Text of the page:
If both of your legs begin aching after you’ve been standing for only a few minutes, and this keeps happening, there are four likely causes, and one is serious.
Even in “out of shape” people, it is not normal to suffer aching legs after standing for a few minutes – when benign causes are ruled out such as overdoing it at the gym after a long absence or having a bad cold.
“Peripheral arterial disease is an inflammatory condition of the arteries carrying blood from the heart to the periphery (most common in smokers and diabetics),” says Jenepher Piper, a family practice nurse practitioner for Maryland Family Care for 20+ years and a former nurse with Home Care Nurse for Johns Hopkins Home Care.
“Inflammation combined with high circulating cholesterol leads to the buildup of plaque in these vessels, reducing the flow of oxygenated blood reaching tissue,” continues Piper. “When tissue is deprived of oxygen, spasm and pain results.”
“Varicose veins lead to pooling of un-oxygenated blood in the legs, mixing with and diluting the newly oxygenated blood from the arteries. Again, oxygen deprivation leads to muscle spasm and pain.”
Varicose veins can be a symptom of chronic venous insufficiency, in which the valves of the veins do not work properly.
Venous insufficiency usually comes with at least one of these symptoms: skin discoloration, skin ulcers and leg/ankle swelling.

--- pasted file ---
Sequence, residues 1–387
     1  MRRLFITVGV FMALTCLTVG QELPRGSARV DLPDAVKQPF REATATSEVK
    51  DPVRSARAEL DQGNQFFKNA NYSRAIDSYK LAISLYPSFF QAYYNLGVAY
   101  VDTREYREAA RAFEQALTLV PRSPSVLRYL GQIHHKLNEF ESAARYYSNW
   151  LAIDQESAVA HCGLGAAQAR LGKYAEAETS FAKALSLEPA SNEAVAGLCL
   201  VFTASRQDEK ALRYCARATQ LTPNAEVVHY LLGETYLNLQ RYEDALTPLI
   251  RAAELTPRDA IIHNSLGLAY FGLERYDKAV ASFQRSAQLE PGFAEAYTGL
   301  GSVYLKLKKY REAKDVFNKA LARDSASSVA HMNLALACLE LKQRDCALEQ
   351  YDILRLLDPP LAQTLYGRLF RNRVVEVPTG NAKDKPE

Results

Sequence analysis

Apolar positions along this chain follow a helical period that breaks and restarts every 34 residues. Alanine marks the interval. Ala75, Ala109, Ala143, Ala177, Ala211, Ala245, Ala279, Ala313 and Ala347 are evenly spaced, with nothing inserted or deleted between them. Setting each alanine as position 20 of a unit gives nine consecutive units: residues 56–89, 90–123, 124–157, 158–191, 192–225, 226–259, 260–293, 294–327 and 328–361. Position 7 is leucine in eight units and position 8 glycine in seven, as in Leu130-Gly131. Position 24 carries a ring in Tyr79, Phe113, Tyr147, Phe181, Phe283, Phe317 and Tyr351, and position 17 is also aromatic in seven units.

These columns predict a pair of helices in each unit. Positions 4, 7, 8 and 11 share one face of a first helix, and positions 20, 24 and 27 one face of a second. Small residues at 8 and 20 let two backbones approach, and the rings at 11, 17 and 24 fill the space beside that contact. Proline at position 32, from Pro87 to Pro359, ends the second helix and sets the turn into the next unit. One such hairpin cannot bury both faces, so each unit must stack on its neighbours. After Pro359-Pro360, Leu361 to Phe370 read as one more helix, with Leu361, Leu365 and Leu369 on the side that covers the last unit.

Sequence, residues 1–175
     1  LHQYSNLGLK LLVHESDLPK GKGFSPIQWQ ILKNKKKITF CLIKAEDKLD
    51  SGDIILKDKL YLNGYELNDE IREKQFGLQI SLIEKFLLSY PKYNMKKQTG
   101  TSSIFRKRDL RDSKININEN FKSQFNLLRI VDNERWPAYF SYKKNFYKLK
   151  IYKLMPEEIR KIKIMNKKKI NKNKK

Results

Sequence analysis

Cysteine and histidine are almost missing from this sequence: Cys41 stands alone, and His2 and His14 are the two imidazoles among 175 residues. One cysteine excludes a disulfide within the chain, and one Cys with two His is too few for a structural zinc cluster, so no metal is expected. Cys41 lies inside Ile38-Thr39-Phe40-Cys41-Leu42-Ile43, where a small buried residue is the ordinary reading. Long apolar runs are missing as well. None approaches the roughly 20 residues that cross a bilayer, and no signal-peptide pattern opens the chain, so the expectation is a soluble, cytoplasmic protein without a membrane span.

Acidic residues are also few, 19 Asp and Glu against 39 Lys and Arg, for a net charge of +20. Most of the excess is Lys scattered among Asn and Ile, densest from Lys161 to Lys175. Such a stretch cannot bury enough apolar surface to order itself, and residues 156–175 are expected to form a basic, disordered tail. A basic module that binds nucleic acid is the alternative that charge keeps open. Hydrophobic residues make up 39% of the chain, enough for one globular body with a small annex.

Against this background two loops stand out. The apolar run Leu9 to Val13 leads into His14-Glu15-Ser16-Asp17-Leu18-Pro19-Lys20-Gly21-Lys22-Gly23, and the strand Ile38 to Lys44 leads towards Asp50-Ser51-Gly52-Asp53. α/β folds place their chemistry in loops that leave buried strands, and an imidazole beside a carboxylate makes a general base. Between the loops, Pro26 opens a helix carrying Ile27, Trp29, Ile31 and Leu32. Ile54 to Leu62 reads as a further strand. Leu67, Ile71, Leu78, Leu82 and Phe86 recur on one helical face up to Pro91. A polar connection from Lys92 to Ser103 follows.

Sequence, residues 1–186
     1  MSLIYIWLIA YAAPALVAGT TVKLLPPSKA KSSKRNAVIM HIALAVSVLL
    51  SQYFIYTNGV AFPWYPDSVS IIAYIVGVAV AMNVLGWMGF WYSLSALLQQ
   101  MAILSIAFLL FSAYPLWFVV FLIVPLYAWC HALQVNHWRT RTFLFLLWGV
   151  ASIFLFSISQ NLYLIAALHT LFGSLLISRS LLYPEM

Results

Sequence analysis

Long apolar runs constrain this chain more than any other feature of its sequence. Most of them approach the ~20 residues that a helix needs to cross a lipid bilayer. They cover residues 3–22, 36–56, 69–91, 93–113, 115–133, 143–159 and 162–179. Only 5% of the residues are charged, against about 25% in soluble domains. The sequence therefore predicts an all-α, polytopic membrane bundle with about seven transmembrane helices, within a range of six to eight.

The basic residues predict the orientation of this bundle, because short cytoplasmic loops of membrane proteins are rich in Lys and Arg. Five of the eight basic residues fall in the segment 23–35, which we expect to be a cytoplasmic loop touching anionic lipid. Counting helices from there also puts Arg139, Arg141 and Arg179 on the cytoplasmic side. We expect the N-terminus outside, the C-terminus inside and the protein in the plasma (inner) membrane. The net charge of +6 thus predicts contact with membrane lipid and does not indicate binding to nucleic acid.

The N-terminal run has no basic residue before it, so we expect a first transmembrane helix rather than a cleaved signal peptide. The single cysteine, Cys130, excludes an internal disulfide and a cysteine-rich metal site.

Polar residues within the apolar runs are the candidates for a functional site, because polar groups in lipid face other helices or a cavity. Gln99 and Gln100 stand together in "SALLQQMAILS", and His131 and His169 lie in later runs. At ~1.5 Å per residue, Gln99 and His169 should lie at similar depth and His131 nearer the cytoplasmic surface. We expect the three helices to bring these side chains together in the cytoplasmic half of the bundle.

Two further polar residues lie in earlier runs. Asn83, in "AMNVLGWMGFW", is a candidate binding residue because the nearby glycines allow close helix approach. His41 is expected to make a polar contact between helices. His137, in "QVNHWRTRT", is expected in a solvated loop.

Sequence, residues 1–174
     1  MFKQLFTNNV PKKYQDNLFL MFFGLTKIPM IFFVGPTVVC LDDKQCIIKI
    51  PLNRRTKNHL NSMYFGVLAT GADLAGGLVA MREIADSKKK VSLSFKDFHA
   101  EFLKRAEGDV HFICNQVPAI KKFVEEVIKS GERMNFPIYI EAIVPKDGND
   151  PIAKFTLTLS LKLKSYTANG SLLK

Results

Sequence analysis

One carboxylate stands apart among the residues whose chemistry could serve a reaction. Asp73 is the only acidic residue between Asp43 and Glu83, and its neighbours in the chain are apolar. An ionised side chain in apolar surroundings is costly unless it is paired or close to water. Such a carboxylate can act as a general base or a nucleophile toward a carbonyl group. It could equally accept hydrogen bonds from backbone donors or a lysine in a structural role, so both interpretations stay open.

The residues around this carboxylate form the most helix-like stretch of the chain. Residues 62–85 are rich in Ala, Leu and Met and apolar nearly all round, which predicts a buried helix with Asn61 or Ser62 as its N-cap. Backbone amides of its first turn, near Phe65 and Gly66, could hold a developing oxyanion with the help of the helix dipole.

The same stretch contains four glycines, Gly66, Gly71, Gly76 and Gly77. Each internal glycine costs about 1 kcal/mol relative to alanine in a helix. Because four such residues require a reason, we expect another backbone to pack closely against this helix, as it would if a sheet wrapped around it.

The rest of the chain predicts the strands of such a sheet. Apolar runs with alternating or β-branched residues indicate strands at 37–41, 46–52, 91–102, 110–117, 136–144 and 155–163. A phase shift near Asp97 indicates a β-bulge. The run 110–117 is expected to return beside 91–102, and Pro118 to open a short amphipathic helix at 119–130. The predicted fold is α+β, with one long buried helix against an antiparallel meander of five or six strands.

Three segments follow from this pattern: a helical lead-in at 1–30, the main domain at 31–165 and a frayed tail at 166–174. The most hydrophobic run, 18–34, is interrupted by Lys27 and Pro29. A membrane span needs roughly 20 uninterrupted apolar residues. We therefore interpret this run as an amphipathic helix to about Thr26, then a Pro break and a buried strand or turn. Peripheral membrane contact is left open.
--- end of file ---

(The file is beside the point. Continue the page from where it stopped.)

If you have this, you’ll also have low back pain that’s relieved by bending a bit forward when you walk.
In severe cases people are bent quite far forward when walking or even just standing still.
Lumbar stenosis “is a narrowing of the spinal canal caused by chronic, usually age-related arthritis and degenerative disc disease, but also more acute conditions like herniated discs,” says Piper.
“All of these conditions cause crowding and in some cases direct pressure on the spinal cord, blocking nerve impulses to the peripheral nerves at all levels below the defect.
“Emanating from the lumbar spine (lower back), these peripheral nerves become irritated, sending pain signals to both legs.
“In any individual, standing for any length of time depends on good posture and core strength to support proper alignment of the spinal column.
“If someone has lumbar stenosis, their core strength and posture are adversely affected by de-conditioned muscles in these areas, providing little support and potentially increasing the crowding of the spinal cord and the signals to the peripheral nerves.”
Electrolyte Disturbance (magnesium, potassium, calcium)
“Several minerals (electrolytes) are essential to muscle contraction and relaxation,” says Piper.
“Low blood levels of any of these can impair proper relaxation, causing spasm and pain.”
Patients suffering from conditions such as coronary artery disease, obesity and diabetes turn to Nurse Practitioner Piper to help them best manage their overall health.
Lorra Garrick has been covering medical, fitness and cybersecurity topics for many years, having written thousands of articles for print magazines and websites, including as a ghostwriter. She’s also a former ACE-certified personal trainer.